Students from low-income backgrounds have been given a glimpse into the life of a Canary Wharf city trader as part of a programme aiming to help disadvantaged young people into employment.

Statistics show that pupils from low-income homes are almost twice as likely to not be in education, employment or training post-16, compared to their more affluent peers.

So Citibank has teamed up with education charity Teach First in a bid to help these young people into the world of work through its e for Education campaign.

To mark this year’s campaign the Canary Wharf-based bank invited students from London schools into its offices on January 27, for a behind-the-scenes tour and to take part in simulated trading games - in the hope of inspiring and encouraging them into a career in the finance sector.

Behind-the-scenes: Students were given a glimpse into the life of a Canary Wharf city trader as part of a programme aiming to help disadvantaged young people into employment

Speaking after the visit, Gunnersbury Catholic School year 13 pupil George Watts said: “The game we played was all about shares and commodities in different areas of finance that we would relate to.

Read more: Shipping firm NYK to move into Canary Wharf

"For example, a share would be in a company such as Microsoft, or Barclays and you have to interpret the news in a way to relate that to how prices are going to change.

Initiative: Citibank has teamed up with education charity Teach First in a bid to help young people into the world of work through its e for Education campaign

“If there is a change in oil prices you have to react and buy and sell shares.”

Read more: How did London become Fintech’s golden goose?

Also following the event, Jeremy Stuart, a maths and economics teacher at Forest Academy and Teach First ambassador, said: “What I want (students) to take away from the event is to build their aspirations.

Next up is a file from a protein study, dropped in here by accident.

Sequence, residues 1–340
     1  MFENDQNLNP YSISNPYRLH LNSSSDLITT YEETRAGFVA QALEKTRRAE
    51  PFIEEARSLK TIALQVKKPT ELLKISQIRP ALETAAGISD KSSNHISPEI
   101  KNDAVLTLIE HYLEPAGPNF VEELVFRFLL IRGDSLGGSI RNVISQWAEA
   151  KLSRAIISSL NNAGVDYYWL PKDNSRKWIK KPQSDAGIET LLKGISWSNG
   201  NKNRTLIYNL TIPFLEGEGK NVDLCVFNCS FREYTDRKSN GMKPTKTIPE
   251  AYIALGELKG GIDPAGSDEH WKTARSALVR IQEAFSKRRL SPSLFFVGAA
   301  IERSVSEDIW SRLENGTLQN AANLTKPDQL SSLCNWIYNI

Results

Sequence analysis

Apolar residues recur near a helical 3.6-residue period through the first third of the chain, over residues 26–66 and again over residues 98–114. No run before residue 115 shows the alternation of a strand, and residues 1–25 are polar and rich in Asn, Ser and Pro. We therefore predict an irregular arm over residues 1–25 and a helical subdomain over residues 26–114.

"Bringing them to an impressive building like Citi’s, with the city of London skyline behind us, it’s a fantastic opportunity for them to see where they can take their lives.”

Read more: Summer budget 2015: What you need to know

Educational inequality starts early, before a child even starts school, according to Teach First.

In the UK, the street you grow up on can determine your whole future and many children from the poorest communities fall behind before they even start primary school.

Figures show a one year gap in “school readiness” between 3-year-olds, and an 11 month gap in vocabulary development between 5-year-olds, in the richest and poorest families.

At GCSE level, nearly 50% of children claiming free school meals achieve no passes above a D grade. Then over a lifetime, a graduate from a Russell Group university will earn on average £371,000 more than someone who left school with fewer than five good GCSEs.

Citi’s e for Education campaign is an annual initiative that aims to bring an end to inequality inside and outside the classroom and this year supports two UK charities — Teach First and SkillForce.

Previous e for Education campaigns have raised more than £550,000 for Teach First and last year funds raised by the campaign supported the costs of recruiting, training and supporting 125 teachers, who this year will be reaching more than 18,000 pupils in their classrooms.